BY THEODORE TE, RAPPLER.com
February 6, 2012
At the rate it’s going, it might boil down to definitions.
The past week saw the impeachment trial of the Chief Justice being occupied by the mundane task of defining terms, a task which could actually have been done outside the trial not only by the parties but by the senators themselves.
When the senators asked the panels (defense and prosecution) to define terms such as “dissolution,” “revocation” and the like, it not only wastes valuable time and effort, it also indicates that the senators are not too sure themselves of what it is they are looking for.
At one point on Day 11 of the trial, the Presiding Officer and Senate President Enrile asked prosecutor Elpidio Barzaga if being untruthful in a SALN entry was a high crime and when he got the answer that it was not, Enrile then said that only high crimes were impeachable offenses.
Taking their cue from the Senate President, other Senators (Joker Arroyo and Francis Escudero notably, both asking about the “level” and “gravity” of the crimes alleged) asked questions along the same line, i.e., the offense not being a high crime.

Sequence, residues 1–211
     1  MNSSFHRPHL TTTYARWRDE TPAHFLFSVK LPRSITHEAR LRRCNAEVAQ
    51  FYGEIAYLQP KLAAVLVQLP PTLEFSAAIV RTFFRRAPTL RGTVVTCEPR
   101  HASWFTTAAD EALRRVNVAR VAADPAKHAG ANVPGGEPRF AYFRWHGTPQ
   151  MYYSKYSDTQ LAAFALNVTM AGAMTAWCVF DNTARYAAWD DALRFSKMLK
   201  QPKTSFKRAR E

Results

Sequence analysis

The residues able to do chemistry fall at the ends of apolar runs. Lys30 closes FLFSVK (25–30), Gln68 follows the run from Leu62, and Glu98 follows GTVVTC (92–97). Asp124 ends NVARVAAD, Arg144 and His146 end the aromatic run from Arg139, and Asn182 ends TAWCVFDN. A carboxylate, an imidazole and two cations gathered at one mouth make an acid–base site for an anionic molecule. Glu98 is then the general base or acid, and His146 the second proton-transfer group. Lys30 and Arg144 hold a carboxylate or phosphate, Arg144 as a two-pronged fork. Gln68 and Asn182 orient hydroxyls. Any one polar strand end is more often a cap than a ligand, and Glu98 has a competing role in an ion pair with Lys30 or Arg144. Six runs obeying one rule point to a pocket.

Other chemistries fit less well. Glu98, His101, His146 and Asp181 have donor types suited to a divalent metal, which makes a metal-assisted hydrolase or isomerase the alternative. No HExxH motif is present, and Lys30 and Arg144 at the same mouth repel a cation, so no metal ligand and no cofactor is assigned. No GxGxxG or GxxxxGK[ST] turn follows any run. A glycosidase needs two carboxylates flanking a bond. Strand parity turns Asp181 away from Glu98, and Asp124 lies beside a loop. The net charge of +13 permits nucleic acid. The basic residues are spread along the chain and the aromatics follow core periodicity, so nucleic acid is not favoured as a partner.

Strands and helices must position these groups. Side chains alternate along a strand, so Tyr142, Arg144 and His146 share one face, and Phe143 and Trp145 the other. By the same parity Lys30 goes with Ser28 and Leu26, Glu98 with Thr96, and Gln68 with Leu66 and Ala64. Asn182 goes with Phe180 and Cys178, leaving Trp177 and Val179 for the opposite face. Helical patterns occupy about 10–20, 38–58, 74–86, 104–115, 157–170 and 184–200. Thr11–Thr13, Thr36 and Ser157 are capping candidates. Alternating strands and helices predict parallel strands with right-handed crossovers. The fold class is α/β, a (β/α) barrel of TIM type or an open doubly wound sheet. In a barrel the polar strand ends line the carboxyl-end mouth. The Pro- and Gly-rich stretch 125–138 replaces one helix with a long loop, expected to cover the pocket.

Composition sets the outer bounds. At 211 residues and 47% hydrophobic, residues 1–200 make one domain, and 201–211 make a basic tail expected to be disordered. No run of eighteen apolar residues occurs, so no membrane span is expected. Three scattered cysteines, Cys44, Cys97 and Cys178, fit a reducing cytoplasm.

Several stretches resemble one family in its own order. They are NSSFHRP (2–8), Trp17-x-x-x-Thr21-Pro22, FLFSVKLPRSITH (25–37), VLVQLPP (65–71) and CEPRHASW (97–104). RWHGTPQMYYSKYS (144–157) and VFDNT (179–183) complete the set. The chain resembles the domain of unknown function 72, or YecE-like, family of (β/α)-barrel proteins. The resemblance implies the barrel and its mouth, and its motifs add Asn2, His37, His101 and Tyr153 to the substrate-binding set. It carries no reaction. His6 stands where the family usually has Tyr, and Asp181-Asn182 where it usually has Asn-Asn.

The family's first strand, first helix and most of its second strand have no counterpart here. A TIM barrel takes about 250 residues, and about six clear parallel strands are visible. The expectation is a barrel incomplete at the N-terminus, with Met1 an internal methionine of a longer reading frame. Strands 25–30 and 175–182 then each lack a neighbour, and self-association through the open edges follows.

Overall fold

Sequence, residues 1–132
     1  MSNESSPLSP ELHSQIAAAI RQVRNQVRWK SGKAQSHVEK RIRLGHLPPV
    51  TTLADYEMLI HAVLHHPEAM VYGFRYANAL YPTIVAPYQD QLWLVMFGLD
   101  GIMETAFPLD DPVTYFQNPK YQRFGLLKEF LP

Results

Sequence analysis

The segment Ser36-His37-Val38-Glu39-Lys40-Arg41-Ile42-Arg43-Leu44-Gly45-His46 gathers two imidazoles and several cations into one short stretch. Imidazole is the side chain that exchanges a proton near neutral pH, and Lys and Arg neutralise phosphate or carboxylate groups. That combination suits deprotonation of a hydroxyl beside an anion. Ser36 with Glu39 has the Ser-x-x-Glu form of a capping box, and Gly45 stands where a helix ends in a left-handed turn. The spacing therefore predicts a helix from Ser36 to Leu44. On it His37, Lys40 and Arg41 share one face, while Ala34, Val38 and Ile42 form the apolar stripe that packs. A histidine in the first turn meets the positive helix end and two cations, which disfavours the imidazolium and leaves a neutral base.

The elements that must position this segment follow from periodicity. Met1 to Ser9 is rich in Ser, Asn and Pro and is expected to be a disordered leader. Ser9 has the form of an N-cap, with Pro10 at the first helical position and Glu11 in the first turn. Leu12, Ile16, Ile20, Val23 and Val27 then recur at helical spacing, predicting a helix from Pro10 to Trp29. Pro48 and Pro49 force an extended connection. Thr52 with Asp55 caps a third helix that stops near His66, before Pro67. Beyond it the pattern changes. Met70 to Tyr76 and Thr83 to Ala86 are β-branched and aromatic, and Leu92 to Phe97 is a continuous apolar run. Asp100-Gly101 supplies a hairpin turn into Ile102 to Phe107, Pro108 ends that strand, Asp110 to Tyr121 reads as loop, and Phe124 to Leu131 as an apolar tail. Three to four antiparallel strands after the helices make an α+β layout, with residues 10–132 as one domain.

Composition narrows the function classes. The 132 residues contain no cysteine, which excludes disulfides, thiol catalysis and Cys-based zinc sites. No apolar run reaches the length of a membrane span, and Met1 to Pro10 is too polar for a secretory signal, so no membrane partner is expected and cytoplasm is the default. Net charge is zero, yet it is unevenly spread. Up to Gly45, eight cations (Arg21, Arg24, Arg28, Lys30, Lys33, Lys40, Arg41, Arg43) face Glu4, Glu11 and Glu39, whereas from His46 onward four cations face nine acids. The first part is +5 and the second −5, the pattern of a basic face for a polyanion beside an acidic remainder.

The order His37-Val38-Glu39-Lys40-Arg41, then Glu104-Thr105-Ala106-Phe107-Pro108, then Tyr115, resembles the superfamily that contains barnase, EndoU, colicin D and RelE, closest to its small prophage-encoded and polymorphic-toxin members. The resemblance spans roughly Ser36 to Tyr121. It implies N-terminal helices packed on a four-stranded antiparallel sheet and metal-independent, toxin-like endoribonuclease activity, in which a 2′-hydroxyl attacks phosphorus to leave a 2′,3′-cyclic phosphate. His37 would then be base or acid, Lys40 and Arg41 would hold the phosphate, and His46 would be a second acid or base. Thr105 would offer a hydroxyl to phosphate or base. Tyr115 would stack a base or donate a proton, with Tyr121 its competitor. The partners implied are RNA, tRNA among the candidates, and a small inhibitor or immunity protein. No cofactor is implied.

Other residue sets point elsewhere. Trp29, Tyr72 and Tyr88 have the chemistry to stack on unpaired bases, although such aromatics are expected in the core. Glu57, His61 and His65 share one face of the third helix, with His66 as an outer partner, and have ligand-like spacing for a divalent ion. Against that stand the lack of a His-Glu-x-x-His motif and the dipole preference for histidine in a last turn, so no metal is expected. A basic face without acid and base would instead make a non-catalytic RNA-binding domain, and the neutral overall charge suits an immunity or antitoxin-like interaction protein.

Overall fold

That, for me, was a defining moment for both the prosecution and the Senator-Jurors.
Clearly, the commission of “other high crimes” is an impeachable offense under the Constitution and the Senate President was correct in pointing that out.
But, it was certainly an irrelevant comment as none of the grounds raised in the Articles of Impeachment alleged that the Chief Justice had committed “other high crimes.” The 8 grounds alleged revolved around only two of the grounds for impeachment: betrayal of the public trust and culpable violation of the Constitution.
Unfortunately for Barzaga, he never pointed that out and it took a very belated riposte from prosecutor Niel Tupas to put on record what the entire Senate should have been very clear about from the very start—that the trial is not about the commission of “other high crimes” but about “betrayal of the public trust” and “culpable violation of the Constitution.”
To Tupas’s comment, the Senate President simply then said that the Senate will discuss what “betrayal of the public trust” means—again indicating that there is no fixed or clear understanding of what the term means to the Senator-Jurors 11 trial dates into this impeachment trial.
So, what exactly does “betrayal of the public trust” mean?
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